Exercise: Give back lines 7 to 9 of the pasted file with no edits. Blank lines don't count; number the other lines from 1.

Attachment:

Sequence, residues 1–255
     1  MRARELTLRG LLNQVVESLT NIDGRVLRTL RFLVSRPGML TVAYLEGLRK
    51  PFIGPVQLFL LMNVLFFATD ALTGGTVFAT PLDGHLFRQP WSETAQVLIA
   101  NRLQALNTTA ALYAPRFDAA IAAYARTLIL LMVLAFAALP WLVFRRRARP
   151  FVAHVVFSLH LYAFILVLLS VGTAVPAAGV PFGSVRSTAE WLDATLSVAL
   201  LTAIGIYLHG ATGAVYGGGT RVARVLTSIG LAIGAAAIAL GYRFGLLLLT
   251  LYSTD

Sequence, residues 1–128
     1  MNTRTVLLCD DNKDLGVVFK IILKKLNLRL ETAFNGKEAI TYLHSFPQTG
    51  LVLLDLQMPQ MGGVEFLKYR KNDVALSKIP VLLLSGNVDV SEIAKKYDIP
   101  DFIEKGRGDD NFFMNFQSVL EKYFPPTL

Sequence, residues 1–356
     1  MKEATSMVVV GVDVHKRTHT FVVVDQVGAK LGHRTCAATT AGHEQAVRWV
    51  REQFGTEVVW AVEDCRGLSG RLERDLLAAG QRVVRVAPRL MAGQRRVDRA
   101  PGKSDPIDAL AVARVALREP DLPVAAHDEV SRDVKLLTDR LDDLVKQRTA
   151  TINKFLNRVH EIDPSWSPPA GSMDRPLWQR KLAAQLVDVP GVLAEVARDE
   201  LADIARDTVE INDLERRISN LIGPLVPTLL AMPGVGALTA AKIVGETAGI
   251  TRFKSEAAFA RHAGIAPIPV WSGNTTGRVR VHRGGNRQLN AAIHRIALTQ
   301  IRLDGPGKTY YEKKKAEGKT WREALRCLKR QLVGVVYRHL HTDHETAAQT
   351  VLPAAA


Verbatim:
   251  LYSTD

Sequence, residues 1–128
     1  MNTRTVLLCD DNKDLGVVFK IILKKLNLRL ETAFNGKEAI TYLHSFPQTG